Some services providing analysis of current development in the field and reports of recently decided cases are available in print in the Law Library. Searching the catalog for these tools can be difficult at times. Consider using “reporter” and your legal topic as a keyword search. Other words that may prove useful include “weekly”, “alert”, “current”, “news”, “analysis”, or “newspaper” and then use one of these in conjunction with “law” or “legal.”
Browsing the shelves still works! Go to your subject area of interest in the stacks and look for multi-volume looseleaf services, in particularly ones by BNA (Bureau of National Affairs) or CCH (Commerce Clearing House).
Social media is another great place to discover and keep up on the latest legal issues.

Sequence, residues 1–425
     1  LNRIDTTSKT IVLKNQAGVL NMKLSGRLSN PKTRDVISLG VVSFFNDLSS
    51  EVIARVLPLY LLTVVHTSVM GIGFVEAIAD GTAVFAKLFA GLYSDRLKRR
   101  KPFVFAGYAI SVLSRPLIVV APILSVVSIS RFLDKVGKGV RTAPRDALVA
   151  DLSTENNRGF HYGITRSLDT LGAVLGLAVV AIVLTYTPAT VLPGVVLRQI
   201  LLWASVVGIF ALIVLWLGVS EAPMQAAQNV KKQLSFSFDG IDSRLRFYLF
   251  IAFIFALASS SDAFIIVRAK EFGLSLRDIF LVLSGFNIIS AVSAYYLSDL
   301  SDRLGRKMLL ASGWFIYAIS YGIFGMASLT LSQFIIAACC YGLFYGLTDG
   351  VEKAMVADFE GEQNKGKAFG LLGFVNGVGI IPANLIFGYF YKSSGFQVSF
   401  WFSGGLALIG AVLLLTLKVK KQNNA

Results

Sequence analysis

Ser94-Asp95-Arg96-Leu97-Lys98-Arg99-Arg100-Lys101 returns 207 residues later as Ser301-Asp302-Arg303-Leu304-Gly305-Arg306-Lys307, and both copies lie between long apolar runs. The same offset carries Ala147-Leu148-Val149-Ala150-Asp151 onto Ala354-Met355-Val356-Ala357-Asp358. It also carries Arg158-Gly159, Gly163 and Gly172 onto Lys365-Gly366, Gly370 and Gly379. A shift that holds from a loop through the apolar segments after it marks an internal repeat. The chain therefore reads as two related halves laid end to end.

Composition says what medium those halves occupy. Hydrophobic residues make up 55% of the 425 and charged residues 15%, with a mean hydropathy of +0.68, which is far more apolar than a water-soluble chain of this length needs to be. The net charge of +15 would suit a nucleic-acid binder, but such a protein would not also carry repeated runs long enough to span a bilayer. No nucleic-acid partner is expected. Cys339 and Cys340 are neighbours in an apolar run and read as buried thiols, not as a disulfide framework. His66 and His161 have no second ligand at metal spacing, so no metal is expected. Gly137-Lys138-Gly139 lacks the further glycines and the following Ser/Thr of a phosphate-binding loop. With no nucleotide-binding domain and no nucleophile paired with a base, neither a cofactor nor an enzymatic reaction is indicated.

There are a number of law blogs ("blawgs") in specialized subject areas written by attorneys, professors, judges, students, and other legal specialists. Use the links below to find a blog of an interest.
Twitter is very popular in the legal sector. You can search Twitter by keyword to find recent tweets on a topic, or use the directory below to search.
Finding a topic is the first and often the most vexing challenge for law students writing a paper, note or comment for a class or law review. Choosing a paper topic that is neither too broad nor too narrow, both pertinent and topical, and not over nor under written about can be an exercise in frustration. Here we present a number of strategies to help you find the right topic for your law school paper.
Ready to get started? Check out the resources on this page, as well as the resources on the Finding & Researching Your Paper Topic guide, which includes slides from a recent workshop.
Practicing attorneys use current awareness tools to stay up-to-date with breaking news, statutory and regulatory changes and appellate court opinions in their field of practice. You should learn how to use these tools in law school.